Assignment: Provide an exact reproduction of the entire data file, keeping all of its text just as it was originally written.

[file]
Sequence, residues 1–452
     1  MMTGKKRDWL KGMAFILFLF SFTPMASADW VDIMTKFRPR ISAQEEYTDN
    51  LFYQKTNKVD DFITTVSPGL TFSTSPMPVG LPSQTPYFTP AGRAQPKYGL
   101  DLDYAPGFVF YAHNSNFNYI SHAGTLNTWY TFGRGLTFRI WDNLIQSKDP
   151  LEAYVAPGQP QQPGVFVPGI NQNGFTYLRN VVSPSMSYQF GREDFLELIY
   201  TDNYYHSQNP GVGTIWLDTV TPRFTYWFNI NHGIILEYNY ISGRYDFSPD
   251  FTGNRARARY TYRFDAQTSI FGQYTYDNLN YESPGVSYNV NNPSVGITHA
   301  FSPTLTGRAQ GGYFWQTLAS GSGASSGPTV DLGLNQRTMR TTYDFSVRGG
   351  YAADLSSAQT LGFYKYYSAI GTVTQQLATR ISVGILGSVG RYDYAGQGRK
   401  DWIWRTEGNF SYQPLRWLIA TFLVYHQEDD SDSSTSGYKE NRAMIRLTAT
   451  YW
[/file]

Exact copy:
Sequence, residues 1–452
     1  MMTGKKRDWL KGMAFILFLF SFTPMASADW VDIMTKFRPR ISAQEEYTDN
    51  LFYQKTNKVD DFITTVSPGL TFSTSPMPVG LPSQTPYFTP AGRAQPKYGL
   101  DLDYAPGFVF YAHNSNFNYI SHAGTLNTWY TFGRGLTFRI WDNLIQSKDP
   151  LEAYVAPGQP QQPGVFVPGI NQNGFTYLRN VVSPSMSYQF GREDFLELIY
   201  TDNYYHSQNP GVGTIWLDTV TPRFTYWFNI NHGIILEYNY ISGRYDFSPD
   251  FTGNRARARY TYRFDAQTSI FGQYTYDNLN YESPGVSYNV NNPSVGITHA
   301  FSPTLTGRAQ GGYFWQTLAS GSGASSGPTV DLGLNQRTMR TTYDFSVRGG
   351  YAADLSSAQT LGFYKYYSAI GTVTQQLATR ISVGILGSVG RYDYAGQGRK
   401  DWIWRTEGNF SYQPLRWLIA TFLVYHQEDD SDSSTSGYKE NRAMIRLTAT
   451  YW